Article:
Royal College of Nursing Library and Heritage Centre

Historic nursing poster
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The Royal College of Nursing Library and Heritage Centre is home to Europe’s largest nursing specific collection of materials.

Our venue includes publicly accessible exhibitions, a cafe and a shop within the Library space. Our Nursing History Collection enables visitors to browse nursing history texts, access some of our historic printed collection and to browse smaller displays curated with the RCN History of Nursing Society.

Venue Type:

Library, Museum

Opening hours

Monday-Friday: 9am-7pm
Saturday: 9am-5pm (closed Saturdays in August)

Admission charges

Entry is free, and no booking is required. There may be a charge for some services.

The Collection dates mainly from the 1850s onwards, though some earlier items are held. It comprehensively collects English language materials, focusing on nursing in the UK:
• 60,000+ Books and Pamphlets (dating from 1666 to present) including a significant collection of rare books and of grey literature
• 350 + Journals (1888 to present) print copies of journals, newsletters and magazines (in addition there are 1000+ contemporary e-journal subscriptions)
• 1,000+ Theses (1950s to present)
• RCN Archives (1890s to present)
• 725+ Personal Archives (1817 to present) including certificates
• 20 Organisational Archives (1887 to present) from organisations such as Commonwealth Nurses Federation; National Council of Nurses; Royal National Pension Fund for Nurses
• 625+ Interviews, Oral History Collection (1986 to present)
• Objects Collection: including 5,000+ photographs and lantern slides; 3,000+ medals and badges; 150+ audio recordings; 105+ videos and films; 150+ objects

Collection details

Medicine

Exhibition details are listed below, you may need to scroll down to see them all.
Exhibition entrance photograph with 1916 furniture

The Voice of Nursing: Celebrating 100 years of the RCN

  • 4 January 2016 — 22 December 2017 *on now

Since 1916 the Royal College of Nursing has pioneered professional standards for nurses, shaped health policies and promoted excellence in practice. In this exhibition, we invite you to explore how nursing has changed over the past 100 years. With stories from nurses themselves and items from our unique collections, discover how the RCN has developed from a small professional women’s organisation to become the Voice of Nursing in 2016.

Suitable for

  • Any age

Admission

Visiting details and opening times can be found on our website. Tours available for booked groups.

Website

https://www.rcn.org.uk/library/exhibitions-and-events/exhibitions

Photograph of two female nurses

Hidden in Plain Sight: Celebrating Nursing Diversity

  • 11 October 2017 — 10 March 2018 *on now

The nursing workforce is diverse, with healthcare workers representing a huge variety of backgrounds and experiences. This exhibition celebrates the contributions of some of the people whose work and lives have too often been overlooked. Here we highlight just a few of these disparate stories from the RCN collections, including the role of lesbian nurses in the First World War, the contributions of Black and Minority Ethnic nurses throughout the mid twentieth century, and the ways in which deaf mental health nurses have improved services for deaf patients at pioneering hospitals around England in the last few decades.

Suitable for

  • Family friendly
  • Any age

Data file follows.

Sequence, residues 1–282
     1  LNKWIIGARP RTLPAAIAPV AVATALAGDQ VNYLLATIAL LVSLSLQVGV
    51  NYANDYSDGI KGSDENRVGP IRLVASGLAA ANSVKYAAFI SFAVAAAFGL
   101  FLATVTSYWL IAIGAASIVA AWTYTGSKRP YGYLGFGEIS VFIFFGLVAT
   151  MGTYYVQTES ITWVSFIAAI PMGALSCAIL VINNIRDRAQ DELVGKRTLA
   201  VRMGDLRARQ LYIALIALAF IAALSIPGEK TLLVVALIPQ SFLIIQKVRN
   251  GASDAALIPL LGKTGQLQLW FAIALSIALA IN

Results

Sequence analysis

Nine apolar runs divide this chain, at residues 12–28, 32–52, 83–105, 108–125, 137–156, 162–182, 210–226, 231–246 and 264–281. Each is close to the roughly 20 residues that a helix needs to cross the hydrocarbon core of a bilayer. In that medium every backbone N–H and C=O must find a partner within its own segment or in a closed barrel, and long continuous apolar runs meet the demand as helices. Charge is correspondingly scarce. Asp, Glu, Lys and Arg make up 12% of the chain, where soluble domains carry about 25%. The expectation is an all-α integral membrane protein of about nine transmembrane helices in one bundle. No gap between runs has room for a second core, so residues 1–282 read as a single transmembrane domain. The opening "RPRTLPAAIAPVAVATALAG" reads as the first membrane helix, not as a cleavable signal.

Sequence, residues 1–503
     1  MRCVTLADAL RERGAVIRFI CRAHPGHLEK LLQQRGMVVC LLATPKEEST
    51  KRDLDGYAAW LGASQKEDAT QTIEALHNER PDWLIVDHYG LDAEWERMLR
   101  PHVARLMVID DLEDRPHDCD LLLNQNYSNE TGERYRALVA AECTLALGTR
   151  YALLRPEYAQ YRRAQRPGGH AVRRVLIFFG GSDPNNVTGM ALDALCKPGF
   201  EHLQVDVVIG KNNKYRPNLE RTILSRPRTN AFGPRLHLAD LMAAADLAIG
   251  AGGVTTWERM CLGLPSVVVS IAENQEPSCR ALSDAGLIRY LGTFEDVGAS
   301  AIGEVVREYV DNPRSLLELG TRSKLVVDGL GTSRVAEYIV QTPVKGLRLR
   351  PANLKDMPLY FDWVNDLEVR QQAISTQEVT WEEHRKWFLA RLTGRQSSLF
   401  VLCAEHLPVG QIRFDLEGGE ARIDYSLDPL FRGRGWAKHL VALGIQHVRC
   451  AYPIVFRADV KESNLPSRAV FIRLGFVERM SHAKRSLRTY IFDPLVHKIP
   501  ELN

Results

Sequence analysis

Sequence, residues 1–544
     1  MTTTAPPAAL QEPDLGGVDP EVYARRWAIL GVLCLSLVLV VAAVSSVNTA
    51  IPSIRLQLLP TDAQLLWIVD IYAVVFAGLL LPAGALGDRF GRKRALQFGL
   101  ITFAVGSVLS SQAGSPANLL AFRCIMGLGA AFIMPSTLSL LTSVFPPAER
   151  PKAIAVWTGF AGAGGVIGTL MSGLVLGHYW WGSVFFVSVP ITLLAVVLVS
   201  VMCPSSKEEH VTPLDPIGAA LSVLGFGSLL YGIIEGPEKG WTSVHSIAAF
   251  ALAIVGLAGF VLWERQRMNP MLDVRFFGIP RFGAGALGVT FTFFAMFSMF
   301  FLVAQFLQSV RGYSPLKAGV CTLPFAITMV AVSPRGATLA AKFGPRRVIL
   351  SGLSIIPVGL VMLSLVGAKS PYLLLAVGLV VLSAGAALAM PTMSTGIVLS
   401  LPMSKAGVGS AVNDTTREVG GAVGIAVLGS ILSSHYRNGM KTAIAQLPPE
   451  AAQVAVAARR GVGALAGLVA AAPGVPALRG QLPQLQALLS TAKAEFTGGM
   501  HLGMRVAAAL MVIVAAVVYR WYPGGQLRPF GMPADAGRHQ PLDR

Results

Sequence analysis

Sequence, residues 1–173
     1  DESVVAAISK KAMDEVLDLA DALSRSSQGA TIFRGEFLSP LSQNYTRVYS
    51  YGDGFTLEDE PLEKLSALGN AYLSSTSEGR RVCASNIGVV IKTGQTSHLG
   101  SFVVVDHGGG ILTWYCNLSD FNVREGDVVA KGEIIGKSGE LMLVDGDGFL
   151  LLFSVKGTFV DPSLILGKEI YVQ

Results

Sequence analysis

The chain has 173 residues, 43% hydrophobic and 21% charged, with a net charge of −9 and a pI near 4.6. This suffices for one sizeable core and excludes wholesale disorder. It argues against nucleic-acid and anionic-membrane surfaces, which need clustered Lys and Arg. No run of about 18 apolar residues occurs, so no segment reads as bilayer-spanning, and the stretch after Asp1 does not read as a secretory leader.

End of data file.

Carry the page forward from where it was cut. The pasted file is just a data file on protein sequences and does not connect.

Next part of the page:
Website

https://www.rcn.org.uk/library/exhibitions-and-events/exhibitions

For Queen and Country: Nursing, Trauma, and War

For Queen and Country: Nursing, Trauma and War

  • 1 November 2017 — 3 June 2019 *on now

Throughout history conflicts have affected the physical and mental health of service personnel and civilians. From the Crimean War in 1853, when trained nurses were first posted to a war zone, to Afghanistan in 2014, each conflict has presented a unique challenge and injury pattern, while the environment and the threat of disease causes even more casualties than the battlefield. Nurses doing their duty for ‘Queen and Country’ provide skilled, compassionate care to anyone at every stage of the patient experience. This is their story.

Suitable for

  • Any age

Where

RCN Scotland
42 South Oswald Road
Edinburgh
EH9 2HH
Scotland

Website

https://www.rcn.org.uk/library/exhibitions-and-events/exhibitions

Events details are listed below. You may need to scroll down or click on headers to see them all. For events that don't have a specific date see the 'Resources' tab above.
Nurses and children in First World War

“Mummy, what did you do in the war?” Nursing Family History Workshop

  • 18 November 2017 10:30am-4:30pm *on now

Find out how to research your Great War family history, with a focus on nursing and VAD stories. The day will feature a mixture of talks and practical sessions, from exploring nursing records online to creative writing and where to start with family history. Speakers include family history expert Kirsty Gray, nurse and poet Molly Case, and Dick and Lisa Robinson, who will talk about Dick's great aunt, First World War nurse Edith Appleton.

Tickets are £16 (£12 RCN Members). Lunch and tea and coffee is included

Suitable for

  • Not suitable for children

Admission

Tickets are £16 (£12 RCN Members). Lunch and tea and coffee is included.

Website

https://nursingfamilyhistory.eventbrite.co.uk

Being Human

Emotional Objects: from Lost Amulets to Found Photos

  • 20 November 2017 2-9pm

A lost necklace received as a gift from a loved one, a stash of photographs found in a dusty attic… What objects are you emotionally attached to, and what feelings do they conjure up? Queen Mary Centre for the History of the Emotions hosts a pop-up world of activities, talks and performances investigating what we feel about objects. Expect puppetry workshops, emotional talismans and displays of healing objects. Free, book online at
www.beinghumanfestival.org

Website

https://beinghumanfestival.org/event/emotional-objects-from-lost-amulets-to-found-photos/

Confessions of a male nurse

Confessions of a Male Nurse: stereotypes and the battle for recognition

  • 23 November 2017 5:30-7pm